Or even worse, you proudly self-identify as a geek, and now all these mundanes come along and say, "Hey, we're geeks too!" And they're better looking than you, and go to the gym, and really spend very little timing geeking out. Where previously nerds were proud underdogs, now mainstream society fawns on Bill Gates and cosplay has its own reality show. Your culture is not your own any more.
So, you, as a group, pick a fight with some women developers and feminist intellectuals. There's no point picking a fight with Kotaku or Ubisoft, because they won't pay attention. But if you hurl abuse and death threats at some women (or give other, crazier people who share your politics the excuse to hurl abuse), you will provoke a lot of people to come to their defense.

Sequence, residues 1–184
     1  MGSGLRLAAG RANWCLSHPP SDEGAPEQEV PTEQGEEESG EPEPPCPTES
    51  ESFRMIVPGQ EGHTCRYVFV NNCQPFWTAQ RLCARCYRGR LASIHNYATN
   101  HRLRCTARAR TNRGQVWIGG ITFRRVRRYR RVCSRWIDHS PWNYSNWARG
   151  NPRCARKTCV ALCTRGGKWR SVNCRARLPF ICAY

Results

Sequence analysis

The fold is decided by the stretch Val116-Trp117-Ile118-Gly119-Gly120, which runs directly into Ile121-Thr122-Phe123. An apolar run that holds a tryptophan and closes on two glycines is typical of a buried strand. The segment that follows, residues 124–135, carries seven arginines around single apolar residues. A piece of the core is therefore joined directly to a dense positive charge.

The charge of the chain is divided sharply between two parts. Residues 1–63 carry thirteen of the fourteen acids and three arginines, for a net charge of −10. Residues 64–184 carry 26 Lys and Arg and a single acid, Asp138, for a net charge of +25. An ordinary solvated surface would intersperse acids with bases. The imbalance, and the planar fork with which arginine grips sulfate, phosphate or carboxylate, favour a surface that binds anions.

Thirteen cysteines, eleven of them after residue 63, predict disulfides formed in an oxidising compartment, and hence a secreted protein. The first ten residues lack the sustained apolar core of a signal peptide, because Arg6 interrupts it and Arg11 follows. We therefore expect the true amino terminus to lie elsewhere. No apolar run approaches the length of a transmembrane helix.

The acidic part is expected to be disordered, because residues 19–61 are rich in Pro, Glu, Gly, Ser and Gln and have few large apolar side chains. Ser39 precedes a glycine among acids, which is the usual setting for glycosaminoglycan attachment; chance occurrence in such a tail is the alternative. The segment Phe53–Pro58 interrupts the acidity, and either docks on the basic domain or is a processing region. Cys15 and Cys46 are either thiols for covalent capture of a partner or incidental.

In short order, you and your buddies are the laughingstock of the Internet. People are calling you neckbeards and virgins, and making memes
, and #Gamergater becomes an ironic Hallowe'en costume.
But all that, perhaps, is full of win
. Your identity is secure. Once again, it's clear who is "you" and who is "them."
The point of #Gamergate, subconsciously, was to provoke a witch hunt. But not against feminists. Against themselves.
Deep down, perhaps, the point of #gamergate was to provoke a witch hunt in which they were the witches.
Now, I have no idea if the above is true, and it's unfalsifiable if it is. But I think it's an interesting way to look at it. A retcon, if you will.
And that's my take on #Gamergate after my conversations with my articulate colleague.